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EghtesadOnline: Oil has always been a function of the international market, so setting up local energy markets cannot help the National Iranian Oil Company sell crude on a long-term basis, a veteran financial expert said.

“The Energy Bourse should have been established 20 years ago to deliver now. Financial instruments like the Iran Energy Exchange (IRENEX) are no miracle makers,” Hossein Abdoh Tabrizi was quoted as saying by ILNA.

Those in charge should have introduced oil and its byproducts to overseas markets long before the US sanctions started taking a toll, he said, echoing the near permanent position of top economic experts and opinion-makers that critical decisions in Tehran are made very late and at high cost to the national economy.

Abdoh Tabrizi said trading crude oil in international markets started soon after the black gold was discovered, so expecting a local and limited market (with its own hurdles and challenges) to succeed in a short period is not the way the business world functions, according to Financial Tribune.

“Organizing and regulating IRENEX under the sanctions regime is indeed a daunting task and it is highly unlikely to produce the desired results,” he warned. 

It may be an option, but will not make a difference, the news agency quoted him as saying.

Prior to the new round of US sanctions in 2018, NIOC exported 2.5 million barrels of oil per day, earning $60 billion a year.

Selling crude in the local energy exchange and/or with the help of other ways like issuing participatory and Islamic bonds (Sukuk) can generate 5% of that amount ($60 billion) in the best case scenario, he stressed. In short, such stopgap solutions can neither help nor contribute to decent economic growth, the senior economist said.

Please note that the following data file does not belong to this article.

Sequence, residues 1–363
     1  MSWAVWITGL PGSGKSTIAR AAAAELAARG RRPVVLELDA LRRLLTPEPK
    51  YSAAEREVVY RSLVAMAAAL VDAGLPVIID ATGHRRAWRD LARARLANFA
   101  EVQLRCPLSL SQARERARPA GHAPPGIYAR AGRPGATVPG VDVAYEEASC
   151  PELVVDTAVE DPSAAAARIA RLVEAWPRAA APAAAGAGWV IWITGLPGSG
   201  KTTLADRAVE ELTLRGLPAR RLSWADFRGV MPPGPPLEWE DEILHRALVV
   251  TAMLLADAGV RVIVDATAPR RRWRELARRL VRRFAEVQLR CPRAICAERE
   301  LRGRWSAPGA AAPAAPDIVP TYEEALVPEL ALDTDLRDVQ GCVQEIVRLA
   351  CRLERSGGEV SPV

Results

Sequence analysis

Referring to the petrochemical sector, he concurred that it is doing well, but wild fluctuations in local currency markets have always been a major deterrent and “only those with special (political) links” and involved in rent-seeking are successful in such closed markets controlled by mafia-like organizations. “There are no such financial or political constraints in the international markets.”

Unlike Abdoh Tabrizi, other energy experts including Masoud Karbasian, managing director of NIOC, say the new policy is working and the state-owned firm raised $700 million in revenues by selling oil and petroleum byproducts via IRENEX in the past eight months.


Iran oil Energy exchange IRENEX Stopgap Solution international market local energy markets long-term basis